A family walks in the snow


This Isn’t The First Year My Family Has Put Christmas Traditions On Hold

Dec 16, 2020

As the world grows weary of COVID-19, and with the holidays upon us, I know there are many who are frustrated or anxious about losing out on social connection and traditions. We're left to consider new ways to celebrate and connect.

Reflecting on what Christmas will look like this year for my family has me thinking about all the lessons I gained from that first year of grief and first holiday season after my father passed away. We put expectations of our "traditional" way of celebrating on hold, and instead allowed ourselves to just be how we needed to be and feel what we needed to feel.

Thinking of all the ways many of us are grieving this year — be it the loss of a loved one, a job or the world as we knew it — I'm drawing on the freedom I found that year in letting go of an idea of how Christmas was "supposed" to be.

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It was 2015, and in the months and weeks leading up to the first Christmas without Dad, our family was growing anxious about how we'd feel, what we'd do and how we would pass through the waves of grief that were sure to come. I had been told this is normal. That the anticipation of what we will feel on the first time "through" each special occasion is different than how we will actually experience it. But sometimes it's just as anticipated; raw, empty, angry or full of sorrow and frustration at having to bear one more day without that person, let alone Christmas.

"... the greatest gift we decided to give ourselves was permission to feel, or not to feel, whatever came that Christmas."

My father had passed away unexpectedly in March and the months following his departure were a whirlwind of emotion and change. In the wake of his sudden death, I was pleasantly surprised with how easily my immediate family came together to make decisions, support each other and let (most of) the small or big things go. We gave each other space when we could, and tried to communicate what we needed.

So for Christmas, we would be a unit. We would be a family brought closer by our grief and our shared compassion for each other as we each navigated the world without him.

As Christmas approached, we discussed how we wanted to pass the days, feeling reserved about expecting our normal joy in the Christmas traditions we hold so dear. I grew up in a home that you could paint Christmas cards about. My parents built their log house in the woods with the loving intention of a forever home for our family and a space where the door was always open to anyone, especially at Christmas. But the thought of celebrating anything felt impossible, let alone seeing anyone beyond our immediate family. It’s not that my dad wouldn’t want us to enjoy the season, it’s that we simply didn’t have it in us.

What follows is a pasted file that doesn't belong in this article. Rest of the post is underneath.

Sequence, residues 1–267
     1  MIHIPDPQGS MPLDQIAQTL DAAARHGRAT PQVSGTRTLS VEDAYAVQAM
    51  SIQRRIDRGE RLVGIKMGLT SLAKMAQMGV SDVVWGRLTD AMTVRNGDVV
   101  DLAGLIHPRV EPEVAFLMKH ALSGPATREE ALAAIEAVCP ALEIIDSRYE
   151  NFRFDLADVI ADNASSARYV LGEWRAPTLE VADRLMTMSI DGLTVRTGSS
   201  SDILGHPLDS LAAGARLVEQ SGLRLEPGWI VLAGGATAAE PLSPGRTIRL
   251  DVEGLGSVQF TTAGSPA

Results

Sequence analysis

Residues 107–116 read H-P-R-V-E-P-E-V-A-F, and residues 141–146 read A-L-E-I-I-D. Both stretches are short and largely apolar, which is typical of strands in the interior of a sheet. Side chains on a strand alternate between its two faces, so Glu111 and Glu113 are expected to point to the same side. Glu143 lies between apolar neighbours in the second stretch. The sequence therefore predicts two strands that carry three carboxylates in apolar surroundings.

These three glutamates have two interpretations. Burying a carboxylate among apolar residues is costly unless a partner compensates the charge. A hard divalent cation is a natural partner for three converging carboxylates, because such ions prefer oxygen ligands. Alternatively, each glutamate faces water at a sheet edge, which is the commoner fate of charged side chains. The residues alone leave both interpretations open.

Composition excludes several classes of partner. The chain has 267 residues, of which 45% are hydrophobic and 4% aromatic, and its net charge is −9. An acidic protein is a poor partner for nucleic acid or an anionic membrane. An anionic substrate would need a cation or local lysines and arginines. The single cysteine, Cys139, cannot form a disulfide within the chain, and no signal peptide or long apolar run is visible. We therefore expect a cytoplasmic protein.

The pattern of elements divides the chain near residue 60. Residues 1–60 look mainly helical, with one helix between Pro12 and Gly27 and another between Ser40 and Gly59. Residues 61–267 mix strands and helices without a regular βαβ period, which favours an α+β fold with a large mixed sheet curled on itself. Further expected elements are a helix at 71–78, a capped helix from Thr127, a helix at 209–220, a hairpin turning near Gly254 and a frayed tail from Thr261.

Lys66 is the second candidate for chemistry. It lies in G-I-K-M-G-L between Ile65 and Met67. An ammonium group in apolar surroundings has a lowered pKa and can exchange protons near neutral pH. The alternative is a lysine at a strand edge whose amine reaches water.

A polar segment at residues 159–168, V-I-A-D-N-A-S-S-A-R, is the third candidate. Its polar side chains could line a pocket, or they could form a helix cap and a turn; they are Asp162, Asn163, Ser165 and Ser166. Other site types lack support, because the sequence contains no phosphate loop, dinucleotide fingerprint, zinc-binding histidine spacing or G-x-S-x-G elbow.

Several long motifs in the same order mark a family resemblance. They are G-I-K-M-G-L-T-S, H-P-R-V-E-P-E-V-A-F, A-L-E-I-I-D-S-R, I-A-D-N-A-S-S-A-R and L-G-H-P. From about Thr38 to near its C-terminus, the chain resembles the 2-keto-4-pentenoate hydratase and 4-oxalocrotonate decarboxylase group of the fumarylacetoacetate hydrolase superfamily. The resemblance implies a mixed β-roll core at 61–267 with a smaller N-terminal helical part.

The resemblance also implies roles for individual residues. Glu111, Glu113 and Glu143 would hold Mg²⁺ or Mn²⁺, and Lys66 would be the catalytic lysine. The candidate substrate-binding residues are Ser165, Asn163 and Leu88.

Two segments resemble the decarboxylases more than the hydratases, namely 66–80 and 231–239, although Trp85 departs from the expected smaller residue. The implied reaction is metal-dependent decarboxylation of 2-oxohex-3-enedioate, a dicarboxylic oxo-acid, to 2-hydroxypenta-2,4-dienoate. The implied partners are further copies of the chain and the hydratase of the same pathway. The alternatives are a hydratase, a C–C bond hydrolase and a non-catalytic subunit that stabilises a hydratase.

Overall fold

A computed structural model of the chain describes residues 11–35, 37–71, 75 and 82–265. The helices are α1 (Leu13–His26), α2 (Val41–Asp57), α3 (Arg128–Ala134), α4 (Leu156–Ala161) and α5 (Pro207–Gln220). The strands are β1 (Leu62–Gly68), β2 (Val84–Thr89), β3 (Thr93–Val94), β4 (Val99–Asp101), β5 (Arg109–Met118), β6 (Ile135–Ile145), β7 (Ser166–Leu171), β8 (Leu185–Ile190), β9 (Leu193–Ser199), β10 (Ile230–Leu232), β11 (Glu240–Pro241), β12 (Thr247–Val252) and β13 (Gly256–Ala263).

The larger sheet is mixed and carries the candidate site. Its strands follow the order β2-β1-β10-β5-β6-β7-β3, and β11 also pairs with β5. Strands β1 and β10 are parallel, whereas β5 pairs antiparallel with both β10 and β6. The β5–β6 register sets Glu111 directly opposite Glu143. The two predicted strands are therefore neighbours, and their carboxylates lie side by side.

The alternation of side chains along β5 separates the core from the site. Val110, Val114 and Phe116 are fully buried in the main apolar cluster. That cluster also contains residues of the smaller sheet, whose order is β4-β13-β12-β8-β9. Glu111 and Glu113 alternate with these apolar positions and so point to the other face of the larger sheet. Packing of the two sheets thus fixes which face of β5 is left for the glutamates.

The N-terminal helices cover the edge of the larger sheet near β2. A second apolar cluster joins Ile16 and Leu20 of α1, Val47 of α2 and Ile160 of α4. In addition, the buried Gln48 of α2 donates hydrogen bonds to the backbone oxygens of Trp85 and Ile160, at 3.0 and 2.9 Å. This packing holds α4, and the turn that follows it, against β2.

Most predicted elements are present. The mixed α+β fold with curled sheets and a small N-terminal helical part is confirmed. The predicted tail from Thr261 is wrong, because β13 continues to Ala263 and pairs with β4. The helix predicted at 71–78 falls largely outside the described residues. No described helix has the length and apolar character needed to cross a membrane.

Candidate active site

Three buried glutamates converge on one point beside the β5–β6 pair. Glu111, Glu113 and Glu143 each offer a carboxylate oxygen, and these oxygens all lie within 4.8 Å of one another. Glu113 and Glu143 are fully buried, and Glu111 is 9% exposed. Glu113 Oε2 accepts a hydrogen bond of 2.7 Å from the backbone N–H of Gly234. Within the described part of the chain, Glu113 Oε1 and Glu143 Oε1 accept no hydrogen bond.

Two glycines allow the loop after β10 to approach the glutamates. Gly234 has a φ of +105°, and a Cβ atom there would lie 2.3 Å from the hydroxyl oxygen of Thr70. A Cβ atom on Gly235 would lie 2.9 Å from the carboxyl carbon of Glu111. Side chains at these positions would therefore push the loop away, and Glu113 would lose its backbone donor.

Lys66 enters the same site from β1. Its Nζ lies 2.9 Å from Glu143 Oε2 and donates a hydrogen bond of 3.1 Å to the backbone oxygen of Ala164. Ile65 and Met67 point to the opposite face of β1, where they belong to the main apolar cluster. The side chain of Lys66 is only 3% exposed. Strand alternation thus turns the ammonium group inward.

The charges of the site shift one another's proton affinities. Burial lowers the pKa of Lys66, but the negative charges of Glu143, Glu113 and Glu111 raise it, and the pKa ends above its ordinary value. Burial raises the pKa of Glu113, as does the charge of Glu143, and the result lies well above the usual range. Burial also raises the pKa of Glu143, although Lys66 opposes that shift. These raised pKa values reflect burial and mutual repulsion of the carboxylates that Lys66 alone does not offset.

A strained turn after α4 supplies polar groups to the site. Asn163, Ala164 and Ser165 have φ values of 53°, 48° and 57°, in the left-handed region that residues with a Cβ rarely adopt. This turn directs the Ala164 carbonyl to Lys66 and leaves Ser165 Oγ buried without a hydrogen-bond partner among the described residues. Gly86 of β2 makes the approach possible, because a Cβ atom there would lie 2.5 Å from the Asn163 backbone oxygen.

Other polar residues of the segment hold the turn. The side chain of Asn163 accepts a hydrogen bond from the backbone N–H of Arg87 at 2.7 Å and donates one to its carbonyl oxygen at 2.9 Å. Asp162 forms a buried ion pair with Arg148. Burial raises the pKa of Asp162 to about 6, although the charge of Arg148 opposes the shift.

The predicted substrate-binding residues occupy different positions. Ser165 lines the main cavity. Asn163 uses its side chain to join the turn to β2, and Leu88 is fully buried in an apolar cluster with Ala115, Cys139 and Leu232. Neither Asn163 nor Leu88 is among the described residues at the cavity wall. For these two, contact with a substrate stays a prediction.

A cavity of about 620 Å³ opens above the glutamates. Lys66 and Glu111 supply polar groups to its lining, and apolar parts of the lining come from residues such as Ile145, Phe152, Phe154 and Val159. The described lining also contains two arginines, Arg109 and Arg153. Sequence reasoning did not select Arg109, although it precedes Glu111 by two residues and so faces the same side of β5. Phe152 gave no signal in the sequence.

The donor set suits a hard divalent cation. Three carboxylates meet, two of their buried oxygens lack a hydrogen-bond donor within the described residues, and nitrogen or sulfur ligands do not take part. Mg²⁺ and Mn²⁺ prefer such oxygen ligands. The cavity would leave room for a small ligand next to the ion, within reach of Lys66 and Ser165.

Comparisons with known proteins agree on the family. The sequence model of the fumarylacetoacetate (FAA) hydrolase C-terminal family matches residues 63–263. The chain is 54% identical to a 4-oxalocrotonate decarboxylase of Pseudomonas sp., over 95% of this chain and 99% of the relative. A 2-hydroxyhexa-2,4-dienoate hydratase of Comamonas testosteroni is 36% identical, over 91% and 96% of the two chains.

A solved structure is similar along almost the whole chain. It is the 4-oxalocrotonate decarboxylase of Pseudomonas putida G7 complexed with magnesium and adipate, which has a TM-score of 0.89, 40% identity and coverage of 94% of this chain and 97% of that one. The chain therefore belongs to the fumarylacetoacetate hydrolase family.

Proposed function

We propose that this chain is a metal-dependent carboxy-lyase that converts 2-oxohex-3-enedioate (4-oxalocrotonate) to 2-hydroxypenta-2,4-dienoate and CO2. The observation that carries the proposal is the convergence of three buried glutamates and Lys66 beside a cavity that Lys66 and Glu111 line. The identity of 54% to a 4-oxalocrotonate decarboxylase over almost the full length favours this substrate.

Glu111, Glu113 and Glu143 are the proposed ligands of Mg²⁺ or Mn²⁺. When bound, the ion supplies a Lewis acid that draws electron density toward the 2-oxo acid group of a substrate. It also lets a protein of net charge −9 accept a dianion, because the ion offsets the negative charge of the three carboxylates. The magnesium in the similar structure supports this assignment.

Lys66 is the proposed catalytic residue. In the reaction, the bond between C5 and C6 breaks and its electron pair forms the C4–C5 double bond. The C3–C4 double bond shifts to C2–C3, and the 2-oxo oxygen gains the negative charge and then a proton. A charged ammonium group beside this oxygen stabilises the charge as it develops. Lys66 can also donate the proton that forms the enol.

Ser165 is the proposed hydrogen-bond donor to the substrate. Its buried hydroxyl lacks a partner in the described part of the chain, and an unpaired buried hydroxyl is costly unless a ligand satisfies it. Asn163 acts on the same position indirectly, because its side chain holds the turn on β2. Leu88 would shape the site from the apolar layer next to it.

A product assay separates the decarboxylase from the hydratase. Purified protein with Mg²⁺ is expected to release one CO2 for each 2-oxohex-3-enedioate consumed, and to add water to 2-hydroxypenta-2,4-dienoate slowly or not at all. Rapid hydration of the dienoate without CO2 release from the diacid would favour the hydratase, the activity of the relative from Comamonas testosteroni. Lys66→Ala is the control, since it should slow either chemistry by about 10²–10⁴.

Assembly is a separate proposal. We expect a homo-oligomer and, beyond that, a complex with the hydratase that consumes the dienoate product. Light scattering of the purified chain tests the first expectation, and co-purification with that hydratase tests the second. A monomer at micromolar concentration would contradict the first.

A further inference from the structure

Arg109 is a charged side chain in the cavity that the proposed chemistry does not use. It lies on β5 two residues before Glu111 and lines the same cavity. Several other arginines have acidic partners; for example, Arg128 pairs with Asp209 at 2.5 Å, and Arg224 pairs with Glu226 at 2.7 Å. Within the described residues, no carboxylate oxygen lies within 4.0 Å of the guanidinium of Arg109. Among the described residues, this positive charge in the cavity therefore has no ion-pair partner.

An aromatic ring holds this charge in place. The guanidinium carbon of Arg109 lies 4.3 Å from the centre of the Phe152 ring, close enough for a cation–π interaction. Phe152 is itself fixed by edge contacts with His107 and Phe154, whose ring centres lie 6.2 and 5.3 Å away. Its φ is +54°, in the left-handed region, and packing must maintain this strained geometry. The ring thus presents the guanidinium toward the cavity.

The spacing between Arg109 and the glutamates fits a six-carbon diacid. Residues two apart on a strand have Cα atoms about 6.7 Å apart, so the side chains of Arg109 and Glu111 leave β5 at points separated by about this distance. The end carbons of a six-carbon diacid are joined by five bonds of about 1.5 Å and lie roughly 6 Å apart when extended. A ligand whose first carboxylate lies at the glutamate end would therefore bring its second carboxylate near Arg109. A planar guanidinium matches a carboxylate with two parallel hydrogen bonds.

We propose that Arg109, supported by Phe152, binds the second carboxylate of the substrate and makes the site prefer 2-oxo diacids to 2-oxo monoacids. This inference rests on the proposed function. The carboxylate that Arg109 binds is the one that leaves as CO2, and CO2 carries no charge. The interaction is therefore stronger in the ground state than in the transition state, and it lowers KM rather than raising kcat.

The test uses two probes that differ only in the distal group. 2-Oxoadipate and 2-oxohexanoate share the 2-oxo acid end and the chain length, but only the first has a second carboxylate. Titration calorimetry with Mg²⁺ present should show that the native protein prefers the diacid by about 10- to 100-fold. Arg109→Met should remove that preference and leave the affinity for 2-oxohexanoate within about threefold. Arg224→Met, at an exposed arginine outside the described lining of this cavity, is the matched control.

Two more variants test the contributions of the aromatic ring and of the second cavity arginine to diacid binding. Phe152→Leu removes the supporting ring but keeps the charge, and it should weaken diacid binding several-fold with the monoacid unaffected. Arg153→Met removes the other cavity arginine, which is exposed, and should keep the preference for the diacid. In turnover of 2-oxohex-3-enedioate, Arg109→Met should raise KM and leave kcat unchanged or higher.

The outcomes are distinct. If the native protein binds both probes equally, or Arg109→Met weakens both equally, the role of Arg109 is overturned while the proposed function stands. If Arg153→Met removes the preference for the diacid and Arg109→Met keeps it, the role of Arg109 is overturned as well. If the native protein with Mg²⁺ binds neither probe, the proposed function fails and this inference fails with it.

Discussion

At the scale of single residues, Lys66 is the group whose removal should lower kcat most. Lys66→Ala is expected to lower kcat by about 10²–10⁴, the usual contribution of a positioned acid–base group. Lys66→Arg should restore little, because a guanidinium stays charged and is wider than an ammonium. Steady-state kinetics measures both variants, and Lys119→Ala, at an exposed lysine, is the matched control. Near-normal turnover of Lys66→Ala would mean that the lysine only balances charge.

In the end, the greatest gift we decided to give ourselves was permission to feel, or not to feel, whatever came that Christmas. We told our loved ones we'd be spending it on our own and, as Christmas approached, we practiced accepting what comes, giving space to the expected and unexpected and just being. On Christmas Eve, we sat quietly at the back of the church as song and prayer carried us through the evening. Then we went home to sit by the fire and remember the man who loved to love Christmas with us and for us.

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On Boxing Day, we headed out of our small town to drive six hours through the snow to Quebec, to someplace different, yet familiar. To be on our own where no one knows about our pain, where we can talk about it, or not, on our own terms.

"We would rather have him than all of the Christmas getaways at all of the beautiful hotels in the world."

We went to an old iconic Canadian hotel we used to visit as a family when we were children. It's a place that holds memories so faint they bring solace, not pain. The place was full of Christmas splendor, with lights, a towering tree and a warm hearth in the lobby. Accepting luxuries like this, that his sudden passing had enabled us with, was a painful reminder of his absence. We're grateful and know we're lucky that he had so carefully planned for this unlikely set of circumstances — not everyone is so fortunate. But embracing those gifts was hard. We would rather have him than all of the Christmas getaways at all of the beautiful hotels in the world.  

As we passed the days together, we smile, and skate under the stars and marvel at the falling snow on sleigh rides through the forest. My niece, who was two-and-a-half at the time, looked up in awe at the hotel one evening as we walked in at dusk, and aptly named the place “Nana’s Castle." It was a castle for us — a metaphor for the refuge we created for ourselves, and an acknowledgment of the act of making space to grieve.

This year, we can't sing in church or travel out of province. Many of us are struggling with all the things that aren't possible this year. But my hope is that the lesson of giving ourselves permission to create safe spaces for all the emotions that come with the challenges we are facing can still be applied.

Article Author Katharine Hagerman
Katharine Hagerman

Read more from Katharine here.

Katharine Hagerman is a global public health consultant currently based in Cairo, Egypt, with her husband and their three-year-old son. She holds a master’s of public health from the Dalla Lana School of Public Health at the University of Toronto. During non-COVID times she spends summers ultra-running and teaching yoga in her hometown of Haliburton, Ontario. She occasionally writes a professional reflective blog turned personal musings page.

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